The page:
According to the numismatic evidence, the Sasanians lost more than just Bactria to the Hephthalites following Peroz's defeat in 484 CE; they had to give up Zabulistan (South Afghanistan) to the Nezak kings, who supposedly opened a mint in Ghazni (Nos. 1–4).
The background of the Nezak is obscure. Their name is only known from coins with the title "King of Nezak" written in Sasanian Middle Persian (Pehlevi). A connection with the Alkhan cannot entirely be ruled out, specifically through the progenitor of the dynasty, who according to a Chinese source of the Tang period (7th century CE) was supposed to be a certain Khingal, possibly the Alkhan king Khingila (around 430/40–495 CE) (showcase 7).
The last king of this Khingal dynasty, which held the throne of Kapisi (Kabulistan) for twelve generations and is supposedly connected to the Nezak of the coins, was a certain Ghar-ilchi, who still in 661 CE was confirmed as king by the Chinese emperor. Afterward, however, he was forced from the throne by the Turk Shahis (showcase 12).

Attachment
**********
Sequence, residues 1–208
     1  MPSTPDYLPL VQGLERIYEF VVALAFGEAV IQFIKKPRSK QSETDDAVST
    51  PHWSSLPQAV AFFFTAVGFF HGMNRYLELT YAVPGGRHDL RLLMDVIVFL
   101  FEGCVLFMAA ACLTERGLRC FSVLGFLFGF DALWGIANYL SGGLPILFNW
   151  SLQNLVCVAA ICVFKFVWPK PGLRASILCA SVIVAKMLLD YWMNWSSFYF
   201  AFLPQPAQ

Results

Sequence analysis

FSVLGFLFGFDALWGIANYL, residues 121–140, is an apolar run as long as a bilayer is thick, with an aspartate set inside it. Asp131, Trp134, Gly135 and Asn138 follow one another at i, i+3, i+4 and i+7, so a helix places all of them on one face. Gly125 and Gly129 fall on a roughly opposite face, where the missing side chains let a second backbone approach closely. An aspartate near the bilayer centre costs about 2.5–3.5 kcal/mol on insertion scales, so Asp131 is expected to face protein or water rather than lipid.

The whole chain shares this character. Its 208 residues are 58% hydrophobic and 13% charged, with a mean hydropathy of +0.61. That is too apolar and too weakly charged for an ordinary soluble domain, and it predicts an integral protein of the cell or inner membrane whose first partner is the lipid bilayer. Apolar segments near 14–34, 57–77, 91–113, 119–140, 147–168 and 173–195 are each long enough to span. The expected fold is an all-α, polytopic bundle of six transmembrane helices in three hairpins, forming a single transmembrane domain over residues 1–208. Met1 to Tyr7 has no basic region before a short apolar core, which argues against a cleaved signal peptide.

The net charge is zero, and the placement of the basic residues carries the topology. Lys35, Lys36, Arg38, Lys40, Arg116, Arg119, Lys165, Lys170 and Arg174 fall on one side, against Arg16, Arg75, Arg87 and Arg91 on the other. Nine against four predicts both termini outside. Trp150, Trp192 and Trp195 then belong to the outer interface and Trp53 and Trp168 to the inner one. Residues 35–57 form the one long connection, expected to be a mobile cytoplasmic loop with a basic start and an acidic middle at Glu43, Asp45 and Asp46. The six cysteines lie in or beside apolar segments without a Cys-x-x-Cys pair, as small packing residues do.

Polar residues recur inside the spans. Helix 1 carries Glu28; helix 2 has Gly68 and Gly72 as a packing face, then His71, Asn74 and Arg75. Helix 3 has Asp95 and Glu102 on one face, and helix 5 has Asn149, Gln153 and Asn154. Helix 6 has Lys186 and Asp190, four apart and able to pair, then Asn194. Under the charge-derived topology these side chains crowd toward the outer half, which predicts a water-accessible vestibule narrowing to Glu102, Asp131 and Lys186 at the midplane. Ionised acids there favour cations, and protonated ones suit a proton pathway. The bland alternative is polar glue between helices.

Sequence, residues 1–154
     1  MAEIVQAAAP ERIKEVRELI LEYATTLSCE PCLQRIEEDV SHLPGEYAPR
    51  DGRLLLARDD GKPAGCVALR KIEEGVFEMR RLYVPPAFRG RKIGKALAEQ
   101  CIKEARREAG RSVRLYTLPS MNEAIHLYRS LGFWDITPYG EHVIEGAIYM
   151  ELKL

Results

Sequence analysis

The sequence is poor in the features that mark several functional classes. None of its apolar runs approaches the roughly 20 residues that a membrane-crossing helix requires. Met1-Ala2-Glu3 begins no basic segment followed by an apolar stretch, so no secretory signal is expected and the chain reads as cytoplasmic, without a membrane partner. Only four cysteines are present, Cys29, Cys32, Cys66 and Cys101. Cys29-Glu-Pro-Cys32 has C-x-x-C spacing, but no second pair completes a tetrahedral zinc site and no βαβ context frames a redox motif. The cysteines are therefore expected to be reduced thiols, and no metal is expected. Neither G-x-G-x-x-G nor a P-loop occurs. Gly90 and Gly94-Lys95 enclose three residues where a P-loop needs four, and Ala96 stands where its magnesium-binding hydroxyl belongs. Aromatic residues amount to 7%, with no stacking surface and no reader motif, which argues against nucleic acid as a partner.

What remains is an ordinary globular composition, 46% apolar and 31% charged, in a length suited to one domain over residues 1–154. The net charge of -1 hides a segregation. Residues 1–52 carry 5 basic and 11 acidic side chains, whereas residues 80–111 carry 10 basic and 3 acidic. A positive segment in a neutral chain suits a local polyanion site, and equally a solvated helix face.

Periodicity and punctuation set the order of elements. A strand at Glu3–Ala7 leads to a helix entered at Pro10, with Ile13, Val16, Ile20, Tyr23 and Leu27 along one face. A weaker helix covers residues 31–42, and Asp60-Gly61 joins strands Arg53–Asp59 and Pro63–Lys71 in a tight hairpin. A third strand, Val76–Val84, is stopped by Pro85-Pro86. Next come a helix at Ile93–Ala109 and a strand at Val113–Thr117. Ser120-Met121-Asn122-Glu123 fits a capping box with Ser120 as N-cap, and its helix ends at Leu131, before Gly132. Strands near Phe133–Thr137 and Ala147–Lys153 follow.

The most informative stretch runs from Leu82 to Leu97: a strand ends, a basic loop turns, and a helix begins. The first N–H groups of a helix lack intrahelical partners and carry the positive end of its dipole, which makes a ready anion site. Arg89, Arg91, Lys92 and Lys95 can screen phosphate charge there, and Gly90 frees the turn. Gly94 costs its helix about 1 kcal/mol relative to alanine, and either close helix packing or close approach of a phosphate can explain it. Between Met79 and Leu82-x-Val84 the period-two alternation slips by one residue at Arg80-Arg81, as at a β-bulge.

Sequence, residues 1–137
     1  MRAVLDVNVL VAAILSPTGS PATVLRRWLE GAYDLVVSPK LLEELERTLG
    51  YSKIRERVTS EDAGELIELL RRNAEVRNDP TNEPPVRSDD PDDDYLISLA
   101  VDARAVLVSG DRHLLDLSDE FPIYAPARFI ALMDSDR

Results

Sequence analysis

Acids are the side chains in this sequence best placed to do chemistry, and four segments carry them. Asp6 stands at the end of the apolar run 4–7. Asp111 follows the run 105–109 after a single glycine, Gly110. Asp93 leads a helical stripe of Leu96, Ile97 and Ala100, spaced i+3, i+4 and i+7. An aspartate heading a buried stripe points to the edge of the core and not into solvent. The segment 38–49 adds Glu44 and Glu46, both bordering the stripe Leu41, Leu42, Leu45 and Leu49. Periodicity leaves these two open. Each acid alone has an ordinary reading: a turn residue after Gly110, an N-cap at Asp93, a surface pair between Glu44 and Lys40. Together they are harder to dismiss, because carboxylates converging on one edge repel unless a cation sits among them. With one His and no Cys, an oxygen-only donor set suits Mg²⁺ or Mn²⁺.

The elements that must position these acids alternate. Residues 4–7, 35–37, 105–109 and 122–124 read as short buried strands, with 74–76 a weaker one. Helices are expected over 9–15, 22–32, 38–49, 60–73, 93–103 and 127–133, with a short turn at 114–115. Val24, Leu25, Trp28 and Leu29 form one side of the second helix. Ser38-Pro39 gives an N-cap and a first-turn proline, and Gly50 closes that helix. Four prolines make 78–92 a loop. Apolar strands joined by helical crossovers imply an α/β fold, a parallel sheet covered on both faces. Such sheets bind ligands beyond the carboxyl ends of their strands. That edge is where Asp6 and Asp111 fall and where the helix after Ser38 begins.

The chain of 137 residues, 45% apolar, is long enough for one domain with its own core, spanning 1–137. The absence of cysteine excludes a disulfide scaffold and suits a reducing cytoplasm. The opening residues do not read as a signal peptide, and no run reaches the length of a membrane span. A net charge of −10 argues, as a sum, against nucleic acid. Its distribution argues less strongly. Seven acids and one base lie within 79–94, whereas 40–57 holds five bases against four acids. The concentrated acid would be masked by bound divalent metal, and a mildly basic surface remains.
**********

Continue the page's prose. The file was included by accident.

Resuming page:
The extraordinary characteristic of the Nezak coins, which fundamentally follow the Sasanian model and integrate some elements of the neighboring Alkhan kings, is the winged bull's head crown. In the first quarter of the 6th century the Nezak succeeded in taking over Kabulistan (Kapisi) and started to struck their coins in a second mint in Kapisa (near Bagram, 80 km north of Kabul) (No. 5).
The golden bull's head crown of the king of Kapisi received special mention in Chinese sources going back to the late 6th or early 7th century, and the bull's head crown used as a royal insignia is recorded on coins of the region well into the 8th century (showcase 14).